A wildfire that has scorched about 46 square miles in northeastern Utah and killed three people has prompted the evacuation of hundreds of people from nearby towns and forced authorities to close a national forest to the public.
The fire started Friday morning north of Neola, about 100 miles east of Salt Lake City, and on Sunday morning crews had it about 5 percent contained. The cause had not been determined.
The fire began spreading into the Ashley National Forest Sunday afternoon, prompting federal authorities to close it to public use.
The small communities of Whiterocks, Farm Creek, Paradise and Tridell were evacuated Saturday. Some residents in Tridell had been allowed to return.
‘Extreme fire behavior’
The Federal Emergency Management Agency said about 300 people are under a mandatory evacuation. Another 150 homes in Dryfork Canyon, about 8 miles northeast of the fire, could be threatened by Tuesday, said Derek Jensen, a FEMA spokesman.
“We are seeing extreme fire behavior and the potential for growth is still there. We haven’t had a change in weather or change in fuel type or dryness,” said Louis Haynes, a spokesman for the national forest.
At nearby Vernal, there was little wind Sunday, the temperatures hit 95 degrees and midday humidity was only 10 percent, according to the National Weather Service.
Edson Gardner, of Fort Duchesne, went to Farm Creek to evacuate his mother, whose home was burned to the ground.
“It came down the canyon like a herd of horses,” he said Saturday. “The sheriff told us we had five minutes to get out.”
Uintah County Sheriff Jeff Merrell said buildings had been destroyed but he didn’t have a count.
Feds take over firefighting command
A U.S. Forest Service command team that travels the country fighting the largest fires joined local crews Sunday and took over direction of the firefighting efforts.
Eleven-year-old Duane Houston escaped the fire but his father, 43-year-old Tracy Houston, and his grandfather, 63-year-old George Houston, were killed by the flames Friday as they worked in a hay field, authorities said. The owner of the field, 75-year-old Roger Roberson, died at a hospital, officials said Saturday.
The Houstons had gone to buy hay from Roberson, and were helping him move irrigation sprayers on his field in an attempt to block the flames.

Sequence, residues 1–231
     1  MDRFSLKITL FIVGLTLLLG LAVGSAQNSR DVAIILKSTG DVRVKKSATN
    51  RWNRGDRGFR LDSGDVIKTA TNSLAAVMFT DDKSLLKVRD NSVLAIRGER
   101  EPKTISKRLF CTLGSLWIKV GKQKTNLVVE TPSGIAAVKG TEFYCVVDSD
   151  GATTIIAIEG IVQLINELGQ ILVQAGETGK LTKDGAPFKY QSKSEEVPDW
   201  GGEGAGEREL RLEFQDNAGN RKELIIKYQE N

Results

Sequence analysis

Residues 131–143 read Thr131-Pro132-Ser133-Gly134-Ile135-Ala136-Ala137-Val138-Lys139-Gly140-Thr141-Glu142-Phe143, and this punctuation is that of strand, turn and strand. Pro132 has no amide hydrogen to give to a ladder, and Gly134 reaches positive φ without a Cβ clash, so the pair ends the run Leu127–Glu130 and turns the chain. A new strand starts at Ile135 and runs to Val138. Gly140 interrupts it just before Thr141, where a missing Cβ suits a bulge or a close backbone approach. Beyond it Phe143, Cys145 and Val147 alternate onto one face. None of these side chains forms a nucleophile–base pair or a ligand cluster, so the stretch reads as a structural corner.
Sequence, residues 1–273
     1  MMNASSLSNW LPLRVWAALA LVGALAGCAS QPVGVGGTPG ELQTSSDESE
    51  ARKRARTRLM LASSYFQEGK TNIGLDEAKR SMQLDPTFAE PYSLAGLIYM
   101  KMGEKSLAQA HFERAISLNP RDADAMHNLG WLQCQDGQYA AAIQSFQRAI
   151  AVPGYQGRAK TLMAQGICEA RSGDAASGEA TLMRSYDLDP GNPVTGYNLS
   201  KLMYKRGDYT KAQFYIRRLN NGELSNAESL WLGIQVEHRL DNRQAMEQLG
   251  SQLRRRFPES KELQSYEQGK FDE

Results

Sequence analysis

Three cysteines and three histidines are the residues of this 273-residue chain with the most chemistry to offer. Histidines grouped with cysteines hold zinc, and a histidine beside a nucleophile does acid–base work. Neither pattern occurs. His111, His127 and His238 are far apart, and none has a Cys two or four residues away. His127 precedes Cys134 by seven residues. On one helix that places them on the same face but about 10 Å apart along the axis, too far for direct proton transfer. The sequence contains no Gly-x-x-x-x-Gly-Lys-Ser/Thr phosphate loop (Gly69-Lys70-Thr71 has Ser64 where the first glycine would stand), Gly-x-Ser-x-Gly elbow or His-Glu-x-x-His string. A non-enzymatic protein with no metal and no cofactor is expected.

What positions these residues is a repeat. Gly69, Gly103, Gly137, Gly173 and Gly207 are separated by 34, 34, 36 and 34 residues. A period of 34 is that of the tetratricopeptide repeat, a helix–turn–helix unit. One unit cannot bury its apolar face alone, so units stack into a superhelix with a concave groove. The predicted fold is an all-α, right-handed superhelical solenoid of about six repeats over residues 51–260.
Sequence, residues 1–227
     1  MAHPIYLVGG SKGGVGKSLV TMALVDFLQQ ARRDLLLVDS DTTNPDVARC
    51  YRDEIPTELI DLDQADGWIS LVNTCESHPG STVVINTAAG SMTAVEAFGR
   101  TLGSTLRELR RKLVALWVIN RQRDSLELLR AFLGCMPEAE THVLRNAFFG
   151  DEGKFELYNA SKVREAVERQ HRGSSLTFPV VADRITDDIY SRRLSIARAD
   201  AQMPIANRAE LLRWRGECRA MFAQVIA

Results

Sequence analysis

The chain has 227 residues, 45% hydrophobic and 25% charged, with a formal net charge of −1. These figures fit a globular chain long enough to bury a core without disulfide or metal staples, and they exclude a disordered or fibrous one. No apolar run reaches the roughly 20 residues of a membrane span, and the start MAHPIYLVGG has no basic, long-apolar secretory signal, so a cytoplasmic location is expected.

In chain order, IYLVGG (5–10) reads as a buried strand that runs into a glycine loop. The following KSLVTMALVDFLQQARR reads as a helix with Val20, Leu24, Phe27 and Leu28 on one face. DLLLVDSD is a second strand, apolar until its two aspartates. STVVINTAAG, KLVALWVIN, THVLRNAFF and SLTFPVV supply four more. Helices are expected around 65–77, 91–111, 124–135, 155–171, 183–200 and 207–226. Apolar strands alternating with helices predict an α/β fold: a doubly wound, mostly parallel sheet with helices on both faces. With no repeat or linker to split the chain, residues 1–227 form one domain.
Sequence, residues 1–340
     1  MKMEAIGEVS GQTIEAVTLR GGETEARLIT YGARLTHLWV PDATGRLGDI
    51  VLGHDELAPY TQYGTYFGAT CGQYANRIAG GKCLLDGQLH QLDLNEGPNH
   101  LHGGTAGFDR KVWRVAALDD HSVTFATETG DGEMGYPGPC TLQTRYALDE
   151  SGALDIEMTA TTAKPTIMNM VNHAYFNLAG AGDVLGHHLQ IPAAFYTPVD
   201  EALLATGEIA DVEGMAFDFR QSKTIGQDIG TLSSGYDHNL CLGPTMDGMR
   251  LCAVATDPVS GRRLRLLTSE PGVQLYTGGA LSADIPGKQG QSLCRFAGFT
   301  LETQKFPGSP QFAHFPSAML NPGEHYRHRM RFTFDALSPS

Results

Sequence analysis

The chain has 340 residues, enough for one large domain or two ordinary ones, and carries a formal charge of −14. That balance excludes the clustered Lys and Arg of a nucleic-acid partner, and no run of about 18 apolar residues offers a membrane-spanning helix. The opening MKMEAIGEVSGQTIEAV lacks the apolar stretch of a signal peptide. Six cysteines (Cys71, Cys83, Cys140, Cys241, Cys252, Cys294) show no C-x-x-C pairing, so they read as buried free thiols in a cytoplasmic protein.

Duane said he was told to run for their truck as flames and smoke filled the air.
“I ran and couldn’t find the truck, so I kept running through trees, climbed two fences and followed the road,” he told The Salt Lake Tribune. He was treated at a hospital and released.
Utah Gov. Jon Huntsman’s request for aid from FEMA was granted on Sunday. A federal grant will pay 75 percent of the state’s eligible firefighting costs.
Blazes burn elsewhere
In Montana, fire managers on Sunday were reducing personnel assigned to a blaze that had burned nearly 6 square miles in the Gallatin National Forest. Evacuation orders remained in effect Sunday for several dozen summer homes, the Madison Arm Resort, some campgrounds and a ranger station.
In California, crews battled a wildfire Sunday that had blackened more than 700 acres of brush in a rugged area of Santa Barbara County near popular campsites and swimming holes.
That fire, which started Saturday evening, was 50 percent contained Sunday morning, U.S. Forest Service spokesman Robert Rainwater said. The blaze had closed some campgrounds, but no residents had been ordered to leave their homes, he said. The cause of the fire was under investigation.
Fire crews north of Los Angeles had a 19-square-mile blaze 90 percent contained, state fire department spokesman Shawn Sternick said. Twelve houses and six other buildings had been destroyed since the fire broke out a week ago in steep canyons south of the San Joaquin Valley, officials said.